Home » Bill 30: Family Caregiver Leave Act (Employment Standards Amendment)

Bill 30: Family Caregiver Leave Act (Employment Standards Amendment)

by Leanne E. Standryk

The Ontario government has introduced Bill 30, the Family Caregiver Leave Act (Employment Standards Amendment), 2011. Bill 30, if passed would amend the Employment Standards Act, 2000 (ESA) to permit employees to take an unpaid leave of absence of up to eight weeks in order to provide care or support to a sick family member.

Pursuant to Bill 30, an employee would be entitled to an unpaid leave of absence to provide “care or support” to the following family members/individuals who have a “serious medical condition”:

  • the employee’s spouse
  • a parent, step-parent or foster parent of the employee or the employee’s spouse
  • a child, step-child or foster child of the employee or the employee’s spouse
  • a grandparent, step-grandparent, grandchild or step-grandchild of the employee or the employee’s spouse
  • the spouse of a child of the employee
  • the employee’s brother or sister
  • relative of the employee who is dependent on the employee for care or assistance
  • any individual prescribed under the regulations as a family member

In addition to the requirement that the employee provide “care or support” to one of the individuals noted, the following additional conditions and limitations apply to the leave:

  • An employee would only be able to take up to eight weeks’ leave per calendar year for each individual noted above.
  • A qualified health practitioner must issue a certificate stating that the individual to be cared for or supported has a “serious medical condition.” (Serious medical condition is not defined in the provisions of the Bill). The employee only needs to provide the certificate “if requested by the employer.”
  • An employee must advise the employer in writing of his/her intention to take the leave before taking it or as soon as possible after beginning the leave.
  • An employee may take the leave of absence only in full week periods.

Family Caregiver Leave, Family Medical Leave and Personal Emergency Leave: A Comparison The focus of Family Caregiver Leave is to permit an employee to support family members with a “serious medical condition.” It does not cover personal illnesses. The entitlement to Family Medical Leave applies in limited circumstances where there is a “serious medical condition with a significant risk of death” to the family member occurring within a 26-week period.

The Emergency leave provisions apply only to work places with more than 50 employees and provides employees with 10 unpaid emergency days’ leave to attend to personal illnesses.

Employees may take an emergency leave day to deal with the death, illness, injury, medical emergency or other “urgent” matter concerning certain specified individuals defined in the ESA.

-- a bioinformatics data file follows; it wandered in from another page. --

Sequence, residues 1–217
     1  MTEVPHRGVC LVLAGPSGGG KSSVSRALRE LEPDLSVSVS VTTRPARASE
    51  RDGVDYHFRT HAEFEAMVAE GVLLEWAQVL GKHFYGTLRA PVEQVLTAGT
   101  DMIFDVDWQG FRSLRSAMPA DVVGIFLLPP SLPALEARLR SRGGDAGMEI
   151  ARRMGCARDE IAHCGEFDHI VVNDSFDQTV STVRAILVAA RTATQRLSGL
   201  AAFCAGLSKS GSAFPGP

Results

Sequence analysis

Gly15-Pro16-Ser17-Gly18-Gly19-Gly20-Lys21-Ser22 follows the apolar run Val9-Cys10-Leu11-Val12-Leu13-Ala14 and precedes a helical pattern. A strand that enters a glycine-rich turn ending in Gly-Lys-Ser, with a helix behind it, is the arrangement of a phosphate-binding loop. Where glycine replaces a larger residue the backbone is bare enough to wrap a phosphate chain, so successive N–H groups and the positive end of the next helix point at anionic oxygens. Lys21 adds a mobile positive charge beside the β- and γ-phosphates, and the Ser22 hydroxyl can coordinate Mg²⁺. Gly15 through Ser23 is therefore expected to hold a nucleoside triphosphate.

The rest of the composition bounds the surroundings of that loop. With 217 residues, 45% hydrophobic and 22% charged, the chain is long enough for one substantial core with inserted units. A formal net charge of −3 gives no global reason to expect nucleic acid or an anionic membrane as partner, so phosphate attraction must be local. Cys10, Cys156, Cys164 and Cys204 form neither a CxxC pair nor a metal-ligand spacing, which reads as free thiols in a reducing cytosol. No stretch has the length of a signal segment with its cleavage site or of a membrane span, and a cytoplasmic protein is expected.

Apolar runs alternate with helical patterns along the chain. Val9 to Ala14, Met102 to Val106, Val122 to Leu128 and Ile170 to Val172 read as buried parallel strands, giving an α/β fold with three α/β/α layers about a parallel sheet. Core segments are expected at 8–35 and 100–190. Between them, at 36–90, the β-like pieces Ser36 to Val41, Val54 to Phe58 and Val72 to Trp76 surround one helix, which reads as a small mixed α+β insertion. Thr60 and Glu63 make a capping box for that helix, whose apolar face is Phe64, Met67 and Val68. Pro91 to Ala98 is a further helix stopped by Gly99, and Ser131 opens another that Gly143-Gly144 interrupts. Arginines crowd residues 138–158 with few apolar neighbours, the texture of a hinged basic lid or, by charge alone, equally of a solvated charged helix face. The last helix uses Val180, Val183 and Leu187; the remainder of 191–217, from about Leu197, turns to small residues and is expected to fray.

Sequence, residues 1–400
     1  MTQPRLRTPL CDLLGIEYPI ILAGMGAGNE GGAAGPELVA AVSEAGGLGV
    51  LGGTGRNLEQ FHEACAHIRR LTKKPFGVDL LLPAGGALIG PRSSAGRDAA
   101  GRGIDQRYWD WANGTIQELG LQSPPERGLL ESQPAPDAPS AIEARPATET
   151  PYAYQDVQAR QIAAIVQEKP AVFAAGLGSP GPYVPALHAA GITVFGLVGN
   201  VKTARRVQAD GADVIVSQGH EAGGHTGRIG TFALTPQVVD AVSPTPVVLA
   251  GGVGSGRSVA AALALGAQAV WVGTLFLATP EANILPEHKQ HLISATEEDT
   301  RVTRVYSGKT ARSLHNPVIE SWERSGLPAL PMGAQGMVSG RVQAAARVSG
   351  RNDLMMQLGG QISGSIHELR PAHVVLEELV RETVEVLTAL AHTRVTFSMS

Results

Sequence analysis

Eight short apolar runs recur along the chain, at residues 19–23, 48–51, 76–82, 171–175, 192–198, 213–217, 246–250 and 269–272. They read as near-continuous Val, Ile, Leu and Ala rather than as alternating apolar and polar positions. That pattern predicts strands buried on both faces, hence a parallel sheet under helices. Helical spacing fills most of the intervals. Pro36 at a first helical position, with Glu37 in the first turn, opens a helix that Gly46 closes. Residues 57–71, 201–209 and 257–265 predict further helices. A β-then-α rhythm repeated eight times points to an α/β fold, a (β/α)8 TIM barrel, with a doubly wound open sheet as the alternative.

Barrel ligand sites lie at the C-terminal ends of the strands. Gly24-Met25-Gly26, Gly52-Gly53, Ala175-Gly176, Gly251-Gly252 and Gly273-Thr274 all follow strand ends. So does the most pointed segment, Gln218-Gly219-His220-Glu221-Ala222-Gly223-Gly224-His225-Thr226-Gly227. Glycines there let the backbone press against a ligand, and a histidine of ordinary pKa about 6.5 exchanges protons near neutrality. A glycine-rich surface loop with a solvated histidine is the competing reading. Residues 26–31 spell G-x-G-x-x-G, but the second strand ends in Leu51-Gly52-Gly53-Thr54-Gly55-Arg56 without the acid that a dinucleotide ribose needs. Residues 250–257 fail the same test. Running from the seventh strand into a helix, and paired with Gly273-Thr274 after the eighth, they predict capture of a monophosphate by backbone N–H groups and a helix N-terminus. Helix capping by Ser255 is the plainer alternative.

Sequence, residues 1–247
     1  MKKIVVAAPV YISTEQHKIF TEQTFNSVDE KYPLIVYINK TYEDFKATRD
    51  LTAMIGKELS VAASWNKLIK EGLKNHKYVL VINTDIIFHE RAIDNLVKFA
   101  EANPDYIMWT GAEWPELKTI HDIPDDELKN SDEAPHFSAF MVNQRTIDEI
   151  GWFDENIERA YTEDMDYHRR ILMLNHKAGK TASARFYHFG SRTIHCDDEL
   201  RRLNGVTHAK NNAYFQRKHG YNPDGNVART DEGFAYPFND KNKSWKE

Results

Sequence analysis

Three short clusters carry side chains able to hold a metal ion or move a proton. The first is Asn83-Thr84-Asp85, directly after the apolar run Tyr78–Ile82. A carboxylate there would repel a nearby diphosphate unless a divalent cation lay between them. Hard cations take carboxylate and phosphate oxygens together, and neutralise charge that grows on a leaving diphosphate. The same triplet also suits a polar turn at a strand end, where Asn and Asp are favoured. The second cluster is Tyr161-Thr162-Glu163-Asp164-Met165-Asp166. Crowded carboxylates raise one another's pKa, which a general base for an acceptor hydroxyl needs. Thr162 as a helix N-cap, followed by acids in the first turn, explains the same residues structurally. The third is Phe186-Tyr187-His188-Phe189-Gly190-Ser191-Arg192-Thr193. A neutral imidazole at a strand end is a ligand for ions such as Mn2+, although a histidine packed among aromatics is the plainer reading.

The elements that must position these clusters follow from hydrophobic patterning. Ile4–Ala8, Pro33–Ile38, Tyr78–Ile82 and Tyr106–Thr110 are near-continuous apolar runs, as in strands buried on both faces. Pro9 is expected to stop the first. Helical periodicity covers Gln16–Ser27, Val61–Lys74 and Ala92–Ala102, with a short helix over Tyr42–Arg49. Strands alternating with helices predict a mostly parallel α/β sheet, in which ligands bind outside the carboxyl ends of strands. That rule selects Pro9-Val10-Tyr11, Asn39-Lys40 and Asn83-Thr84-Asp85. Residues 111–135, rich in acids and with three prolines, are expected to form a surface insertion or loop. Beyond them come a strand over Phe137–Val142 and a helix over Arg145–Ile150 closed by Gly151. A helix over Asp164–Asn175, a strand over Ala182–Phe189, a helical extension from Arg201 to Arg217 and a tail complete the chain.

Family Caregiver leave and Family Medical leave apply to all workplaces regardless of the number of individuals employed.

The proposed provisions of Bill 30 are clear that the entitlement to family caregiver leave is in addition to the existing prescribed leaves of absence set out in the ESA. In other words, the entitlements are separate and days spent off on one leave could not be counted as days spent off on another.

The general provisions concerning leaves under ss. 51 – 53 of the ESA would continue to apply to the proposed family caregiver leave. Such rights include the right to be reinstated to the same position held prior to the leave or a “comparable” position (at equal or greater pay) if the position no longer existed; continued participation in benefit plans unless they elect, in writing, not to do so.

The introduction of Family Caregiver Leave would represent the sixth unpaid leave of absence under the ESA. From a management perspective, it is important that you structure your operations to minimize any potential disruption resulting from employees who exercise their rights to a leave. This may involve the hiring of temporary employees pursuant to an express written temporary contract or perhaps it may involve proper notification to your employees that from time to time they may be called upon to provide assistance with duties and responsibilities outside their current position description. For unionized workplaces, management should review their collective agreements to ensure that they are consistent with the ESA leave provision. The foregoing is provided to you for information purposes only. We caution you to obtain legal advice specific to your situation in all circumstances.

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